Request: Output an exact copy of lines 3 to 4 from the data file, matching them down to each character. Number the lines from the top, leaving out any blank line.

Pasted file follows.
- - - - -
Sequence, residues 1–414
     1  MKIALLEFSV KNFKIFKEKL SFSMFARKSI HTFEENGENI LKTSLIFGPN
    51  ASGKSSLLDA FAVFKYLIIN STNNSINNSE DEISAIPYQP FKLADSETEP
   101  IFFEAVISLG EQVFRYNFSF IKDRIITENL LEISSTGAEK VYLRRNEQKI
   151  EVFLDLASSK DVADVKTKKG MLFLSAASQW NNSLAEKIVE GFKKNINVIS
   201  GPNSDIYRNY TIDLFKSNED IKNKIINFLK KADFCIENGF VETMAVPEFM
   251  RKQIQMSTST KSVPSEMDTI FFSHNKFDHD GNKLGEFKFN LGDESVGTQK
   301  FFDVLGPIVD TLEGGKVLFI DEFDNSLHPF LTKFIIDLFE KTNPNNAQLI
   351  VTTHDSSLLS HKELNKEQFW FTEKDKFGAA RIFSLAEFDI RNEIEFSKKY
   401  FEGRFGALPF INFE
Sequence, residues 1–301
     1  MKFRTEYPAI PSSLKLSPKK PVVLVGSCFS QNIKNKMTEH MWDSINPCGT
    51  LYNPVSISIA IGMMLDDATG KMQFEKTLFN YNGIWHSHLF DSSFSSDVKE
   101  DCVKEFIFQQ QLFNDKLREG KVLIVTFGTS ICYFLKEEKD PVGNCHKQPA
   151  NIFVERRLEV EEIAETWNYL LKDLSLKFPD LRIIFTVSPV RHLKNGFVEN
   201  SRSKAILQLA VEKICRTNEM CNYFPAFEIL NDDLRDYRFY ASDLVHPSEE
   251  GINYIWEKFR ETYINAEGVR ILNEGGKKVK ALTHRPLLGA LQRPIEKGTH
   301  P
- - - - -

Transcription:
    51  ASGKSSLLDA FAVFKYLIIN STNNSINNSE DEISAIPYQP FKLADSETEP
   101  IFFEAVISLG EQVFRYNFSF IKDRIITENL LEISSTGAEK VYLRRNEQKI